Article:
Shrubby Crops Can Help Fuel Africa’s Green Revolution
Crop diversification with shrubby legumes mixed with soybean and peanuts could be the key to sustaining the green revolution in Africa, according to a Michigan State University study.
The study, which appears in the Nov. 22 issue of the Proceedings of the National Academy of Sciences, states that diversifying crops would boost production of nutrient-enriched grain by 12 percent to 23 percent, said Sieglinde Snapp, a crop and soil scientist at Michigan State University’s Kellogg Biological Station who led the study.
Malawi has been called the cradle of Africa’s green revolution. Through its government subsidizing 90 percent of fertilizer and superior corn seed costs, Malawi has reaped substantial gains in productivity of calorie-rich food. The successful program has had some unintended consequences, though, such as reliance on starchy cereals, expensive fertilizer and depleted soils.
Rotating corn with pigeonpea mixtures (a shrubby legume grown in tropical regions) keeps the soil from being stripped of nutrients while increasing nutrient-rich grain productivity. This sustained boost would enhance food and environmental security in Africa, Snapp said.
“This diversified rotation provides multiple benefits compared to simply planting a continuous corn crop,” she said. “One big plus is that it will allow twice as much sunlight capture and nitrogen fixation, which supplements fertilizer and improves the efficiency of any fertilizer that is applied. This translates to more stable grain production and enhanced nutritional grain.”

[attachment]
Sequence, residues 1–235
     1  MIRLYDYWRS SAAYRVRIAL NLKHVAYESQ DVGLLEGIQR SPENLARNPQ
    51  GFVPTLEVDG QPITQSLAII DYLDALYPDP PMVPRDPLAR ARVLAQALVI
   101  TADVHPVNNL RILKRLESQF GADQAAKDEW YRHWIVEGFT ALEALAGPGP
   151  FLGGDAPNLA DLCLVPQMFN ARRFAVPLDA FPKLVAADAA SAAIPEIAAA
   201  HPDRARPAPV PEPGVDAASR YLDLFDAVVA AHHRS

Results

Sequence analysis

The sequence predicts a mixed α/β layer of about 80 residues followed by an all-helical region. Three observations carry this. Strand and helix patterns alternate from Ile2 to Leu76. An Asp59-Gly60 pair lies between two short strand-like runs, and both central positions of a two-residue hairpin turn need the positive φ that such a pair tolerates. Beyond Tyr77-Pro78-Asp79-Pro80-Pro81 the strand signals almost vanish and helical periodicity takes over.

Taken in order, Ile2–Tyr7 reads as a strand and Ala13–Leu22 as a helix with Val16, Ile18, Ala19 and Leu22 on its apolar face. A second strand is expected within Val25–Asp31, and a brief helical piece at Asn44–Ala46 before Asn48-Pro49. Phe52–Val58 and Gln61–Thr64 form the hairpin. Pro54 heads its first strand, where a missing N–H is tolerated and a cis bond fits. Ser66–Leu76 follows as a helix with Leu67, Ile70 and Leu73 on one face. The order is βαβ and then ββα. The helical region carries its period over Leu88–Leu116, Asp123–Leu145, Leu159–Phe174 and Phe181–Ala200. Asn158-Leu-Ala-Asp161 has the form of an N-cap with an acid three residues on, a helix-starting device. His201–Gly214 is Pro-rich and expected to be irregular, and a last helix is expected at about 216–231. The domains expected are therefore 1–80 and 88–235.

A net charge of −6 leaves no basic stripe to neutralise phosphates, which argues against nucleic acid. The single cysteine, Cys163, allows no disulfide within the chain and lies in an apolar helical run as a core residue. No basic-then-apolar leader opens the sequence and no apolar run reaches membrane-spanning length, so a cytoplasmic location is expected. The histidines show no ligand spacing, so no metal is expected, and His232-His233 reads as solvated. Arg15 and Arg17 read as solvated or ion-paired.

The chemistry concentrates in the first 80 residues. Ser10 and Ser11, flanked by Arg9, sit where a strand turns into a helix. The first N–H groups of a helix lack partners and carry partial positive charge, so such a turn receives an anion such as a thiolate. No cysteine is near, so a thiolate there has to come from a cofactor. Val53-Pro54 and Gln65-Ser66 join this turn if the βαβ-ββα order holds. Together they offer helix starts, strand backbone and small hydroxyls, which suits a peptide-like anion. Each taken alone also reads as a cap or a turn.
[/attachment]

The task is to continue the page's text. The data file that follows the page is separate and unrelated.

The nation furthered its green reputation by committing at every level to make this unprecedented long-term and wide-ranging study possible. It was carried out over multiple years and involved thousands of extension educators, farmers, government officials, hospital staff, university educators and farmer research groups, according to Snapp.
“This participatory research approach has led to an agricultural revolution, one that will provide multiple benefits other than increased productivity,” she said. “For example, as dependency on fertilizer and subsidies decrease, the government can use the money to invest in education, health and civil society.”
Researchers from the Farmhouse (Norwich, U.K.), the University of Florida, the University of Western Ontario (Canada) and the University of Malawi (Lilongwe, Malawi), also contributed to the study.
Snapp’s research is funded in part by the Michigan Agriculture Experimental Station. To read more about MSU’s collaborations in Africa, visit http://special.news.msu.edu/africa/.
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